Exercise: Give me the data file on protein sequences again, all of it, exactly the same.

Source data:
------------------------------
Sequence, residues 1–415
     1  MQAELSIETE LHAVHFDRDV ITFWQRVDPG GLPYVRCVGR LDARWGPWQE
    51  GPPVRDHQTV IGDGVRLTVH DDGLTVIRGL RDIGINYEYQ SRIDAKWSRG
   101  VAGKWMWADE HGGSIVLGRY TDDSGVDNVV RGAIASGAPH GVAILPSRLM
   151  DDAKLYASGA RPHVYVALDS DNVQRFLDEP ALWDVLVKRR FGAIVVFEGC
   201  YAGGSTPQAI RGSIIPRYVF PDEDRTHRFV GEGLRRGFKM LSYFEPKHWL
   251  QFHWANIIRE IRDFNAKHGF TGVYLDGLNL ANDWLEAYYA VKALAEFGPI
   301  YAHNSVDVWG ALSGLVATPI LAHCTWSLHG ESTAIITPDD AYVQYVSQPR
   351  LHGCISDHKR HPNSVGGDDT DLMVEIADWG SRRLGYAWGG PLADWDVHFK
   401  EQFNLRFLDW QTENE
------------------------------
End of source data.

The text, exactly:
Sequence, residues 1–415
     1  MQAELSIETE LHAVHFDRDV ITFWQRVDPG GLPYVRCVGR LDARWGPWQE
    51  GPPVRDHQTV IGDGVRLTVH DDGLTVIRGL RDIGINYEYQ SRIDAKWSRG
   101  VAGKWMWADE HGGSIVLGRY TDDSGVDNVV RGAIASGAPH GVAILPSRLM
   151  DDAKLYASGA RPHVYVALDS DNVQRFLDEP ALWDVLVKRR FGAIVVFEGC
   201  YAGGSTPQAI RGSIIPRYVF PDEDRTHRFV GEGLRRGFKM LSYFEPKHWL
   251  QFHWANIIRE IRDFNAKHGF TGVYLDGLNL ANDWLEAYYA VKALAEFGPI
   301  YAHNSVDVWG ALSGLVATPI LAHCTWSLHG ESTAIITPDD AYVQYVSQPR
   351  LHGCISDHKR HPNSVGGDDT DLMVEIADWG SRRLGYAWGG PLADWDVHFK
   401  EQFNLRFLDW QTENE